One of the deepest-diving stingrays, the roughtail stingray has been recorded to a depth of 274 m (899 ft) in the Bahamas and regularly occurs down to 200 m (660 ft) in the Mediterranean. However, it is most common at a depth of 15–50 m (49–164 ft). This bottom-dwelling species favors live-bottom habitat (patches of rough terrain that are densely encrusted by sessile invertebrates), and also frequents adjacent open areas of sand or mud. Rays in the northwestern Atlantic do not usually enter brackish water, whereas those off West Africa have been recorded from the lower reaches of large rivers.
The favored temperature range of the roughtail stingray is 15–22 °C (59–72 °F), which is the most important factor determining its distribution. It conducts seasonal migrations off the eastern United States: from December to May, this ray is found over the middle and outer parts of the continental shelf from Cape Hatteras in North Carolina to Florida, with larger rays occurring further south than smaller ones. In the spring, the population moves north of the Cape and towards the coast into bays, inlets, and saltier estuaries, though preserving the north-south gradient of body sizes. A similar migration, from shallow coastal waters in summer to deeper offshore waters in winter, apparently occurs in the Mediterranean. Pregnant females tend to be found apart from other individuals.
The roughtail stingray has a diamond-shaped pectoral fin disk 1.2–1.3 times as wide as long, with straight to gently sinuous margins, rather angular outer corners, and a moderately long, obtuse snout. The eyes are proportionally smaller than other stingrays in its range and immediately followed by larger spiracles. There is a curtain of skin between the nostrils with a finely fringed posterior margin. The mouth is bow-shaped with a row of six papillae (nipple-like structures) across the floor. The seven upper and 12–14 lower tooth rows at the center are functional, though the total number of tooth rows is much greater. The teeth are arranged with a quincunx pattern into flattened surfaces; each has a tetragonal base with a blunt crown in juveniles and females, and a pointed cusp in adult males.
The pelvic fins have nearly straight margins and angular tips. The tail is long and whip-like, measuring some 2.5 times the length of the disc. A long, saw-toothed spine is placed atop the tail at around half a disc length back from the tail base; sometimes one or two replacement spines are also present in front of the existing one. Behind the spine, there is a long ventral fin fold that is much lower than that of the southern stingray. Individuals under 46–48 cm (18–19 in) across have completely smooth skin. Larger rays develop increasing numbers of distinctive tubercles or bucklers (flat-based thorns) over the middle of the back from the snout to the tail base, as well as dorsal and lateral rows of thorns on the tail. The bucklers vary in size, with the largest of equal diameter to the eye, and may bear up to three thorns each. This species is a uniform dark brown or olive above, and off-white below without dark fin margins. Among the largest members of its family, the roughtail stingray can reach 2.6 m (8.5 ft) across, 4.3 m (14 ft) long, and 360 kg (800 lb) in weight. Females grow larger than males.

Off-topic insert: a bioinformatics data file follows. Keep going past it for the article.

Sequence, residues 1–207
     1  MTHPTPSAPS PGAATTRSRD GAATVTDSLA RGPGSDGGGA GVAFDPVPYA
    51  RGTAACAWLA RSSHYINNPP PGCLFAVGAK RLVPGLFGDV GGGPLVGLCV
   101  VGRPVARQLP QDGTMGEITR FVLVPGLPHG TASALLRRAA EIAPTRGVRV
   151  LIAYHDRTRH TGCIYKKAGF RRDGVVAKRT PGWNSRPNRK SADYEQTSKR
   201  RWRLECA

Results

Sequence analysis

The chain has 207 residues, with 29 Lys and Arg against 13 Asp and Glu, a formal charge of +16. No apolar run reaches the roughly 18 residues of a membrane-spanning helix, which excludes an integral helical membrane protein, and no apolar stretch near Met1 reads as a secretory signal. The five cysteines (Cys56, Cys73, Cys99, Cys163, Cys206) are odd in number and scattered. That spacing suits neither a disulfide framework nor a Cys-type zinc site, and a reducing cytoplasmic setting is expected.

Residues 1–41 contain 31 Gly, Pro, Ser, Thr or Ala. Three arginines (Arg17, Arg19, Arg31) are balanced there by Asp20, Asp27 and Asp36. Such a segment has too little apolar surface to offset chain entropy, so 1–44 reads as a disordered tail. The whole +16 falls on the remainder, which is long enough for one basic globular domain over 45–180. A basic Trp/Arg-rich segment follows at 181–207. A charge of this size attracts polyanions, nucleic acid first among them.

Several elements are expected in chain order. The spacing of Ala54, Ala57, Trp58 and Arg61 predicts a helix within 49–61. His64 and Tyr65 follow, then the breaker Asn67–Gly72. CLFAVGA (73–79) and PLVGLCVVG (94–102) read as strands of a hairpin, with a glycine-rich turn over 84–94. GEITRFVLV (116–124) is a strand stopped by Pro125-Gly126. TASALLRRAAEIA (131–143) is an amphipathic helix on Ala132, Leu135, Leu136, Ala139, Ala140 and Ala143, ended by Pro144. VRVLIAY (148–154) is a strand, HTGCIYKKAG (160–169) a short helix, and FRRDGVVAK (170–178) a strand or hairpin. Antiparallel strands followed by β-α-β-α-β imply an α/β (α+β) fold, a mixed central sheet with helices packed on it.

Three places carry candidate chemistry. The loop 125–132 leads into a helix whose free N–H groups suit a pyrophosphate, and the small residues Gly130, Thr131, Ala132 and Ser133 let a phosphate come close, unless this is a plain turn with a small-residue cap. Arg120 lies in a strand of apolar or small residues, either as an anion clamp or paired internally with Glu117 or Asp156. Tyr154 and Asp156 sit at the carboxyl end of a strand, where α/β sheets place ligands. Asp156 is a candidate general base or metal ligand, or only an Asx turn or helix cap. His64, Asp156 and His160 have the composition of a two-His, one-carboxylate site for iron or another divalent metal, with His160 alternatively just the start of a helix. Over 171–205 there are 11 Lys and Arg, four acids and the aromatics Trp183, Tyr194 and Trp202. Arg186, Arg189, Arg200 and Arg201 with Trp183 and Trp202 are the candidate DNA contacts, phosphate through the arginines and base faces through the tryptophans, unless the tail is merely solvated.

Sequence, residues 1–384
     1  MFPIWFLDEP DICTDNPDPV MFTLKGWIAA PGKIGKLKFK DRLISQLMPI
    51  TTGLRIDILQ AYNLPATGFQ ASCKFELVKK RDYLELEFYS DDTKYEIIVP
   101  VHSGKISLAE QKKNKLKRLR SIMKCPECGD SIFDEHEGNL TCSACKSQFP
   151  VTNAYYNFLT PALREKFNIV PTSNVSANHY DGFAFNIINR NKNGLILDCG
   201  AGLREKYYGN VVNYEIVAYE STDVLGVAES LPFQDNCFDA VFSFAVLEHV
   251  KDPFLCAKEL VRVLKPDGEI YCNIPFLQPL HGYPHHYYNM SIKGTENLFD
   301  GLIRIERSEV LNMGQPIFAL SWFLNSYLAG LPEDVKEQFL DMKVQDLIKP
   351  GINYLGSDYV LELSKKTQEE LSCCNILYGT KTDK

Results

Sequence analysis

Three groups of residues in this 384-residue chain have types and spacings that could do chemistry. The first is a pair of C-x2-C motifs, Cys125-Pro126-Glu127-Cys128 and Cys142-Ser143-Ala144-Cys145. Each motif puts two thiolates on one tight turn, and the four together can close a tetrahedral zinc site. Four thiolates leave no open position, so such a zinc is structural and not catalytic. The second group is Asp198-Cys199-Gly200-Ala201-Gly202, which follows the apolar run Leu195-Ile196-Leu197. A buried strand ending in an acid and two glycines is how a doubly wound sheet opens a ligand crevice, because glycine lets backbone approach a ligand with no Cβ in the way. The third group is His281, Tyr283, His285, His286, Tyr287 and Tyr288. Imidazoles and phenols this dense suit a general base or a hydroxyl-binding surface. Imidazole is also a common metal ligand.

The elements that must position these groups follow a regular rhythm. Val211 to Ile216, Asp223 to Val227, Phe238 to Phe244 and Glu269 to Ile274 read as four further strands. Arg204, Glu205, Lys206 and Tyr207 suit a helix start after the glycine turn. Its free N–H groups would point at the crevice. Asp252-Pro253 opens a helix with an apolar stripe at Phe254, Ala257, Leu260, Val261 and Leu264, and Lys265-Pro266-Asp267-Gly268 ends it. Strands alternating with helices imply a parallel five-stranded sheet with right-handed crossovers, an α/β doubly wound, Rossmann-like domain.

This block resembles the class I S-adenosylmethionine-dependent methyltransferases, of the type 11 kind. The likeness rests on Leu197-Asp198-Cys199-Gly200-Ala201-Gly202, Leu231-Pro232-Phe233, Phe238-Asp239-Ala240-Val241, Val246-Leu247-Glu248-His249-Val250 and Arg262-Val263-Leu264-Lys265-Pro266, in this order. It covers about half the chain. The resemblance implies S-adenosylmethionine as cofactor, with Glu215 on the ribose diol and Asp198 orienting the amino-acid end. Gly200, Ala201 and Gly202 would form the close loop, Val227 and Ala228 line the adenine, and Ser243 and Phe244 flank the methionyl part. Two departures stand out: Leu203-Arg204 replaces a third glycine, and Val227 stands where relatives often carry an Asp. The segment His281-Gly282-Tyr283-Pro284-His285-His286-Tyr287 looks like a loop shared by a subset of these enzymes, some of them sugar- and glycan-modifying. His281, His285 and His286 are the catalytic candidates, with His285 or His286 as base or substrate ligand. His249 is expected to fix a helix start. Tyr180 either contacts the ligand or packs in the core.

Biology and ecology
The roughtail stingray is reportedly not highly active, spending much time buried in the sediment. It is a generalist predator whose diet generally reflects the most available prey in its environment. It mainly captures prey off the bottom, but also opportunistically takes free-swimming prey. A variety of invertebrates, as well as bony fishes such as sand lance and scup, are known to be consumed. Off Massachusetts, the main prey are crabs (Cancer), bivalves (Mya), gastropods (Polinices), squid (Loligo) and annelid worms. In Delaware Bay, most of its diet consists of the shrimp Cragon septemspinosa and the blood worm Glycera dibranchiata; the overall dietary composition there is nearly identical to that of bluntnose stingrays (D. say) that share the bay. The shrimp Upogebia affinis is a major food source off Virginia. Off Florida, crustaceans (Rananoides, Ovalipes, Sicyonia brevirostris, and Portunus) and polychaete worms are the most important prey.